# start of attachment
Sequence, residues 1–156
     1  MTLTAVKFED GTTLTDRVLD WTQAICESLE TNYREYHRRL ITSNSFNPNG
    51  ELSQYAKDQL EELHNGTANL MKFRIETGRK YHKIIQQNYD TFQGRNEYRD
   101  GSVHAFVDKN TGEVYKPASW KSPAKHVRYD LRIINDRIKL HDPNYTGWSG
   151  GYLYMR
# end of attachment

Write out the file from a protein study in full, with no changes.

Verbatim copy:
Sequence, residues 1–156
     1  MTLTAVKFED GTTLTDRVLD WTQAICESLE TNYREYHRRL ITSNSFNPNG
    51  ELSQYAKDQL EELHNGTANL MKFRIETGRK YHKIIQQNYD TFQGRNEYRD
   101  GSVHAFVDKN TGEVYKPASW KSPAKHVRYD LRIINDRIKL HDPNYTGWSG
   151  GYLYMR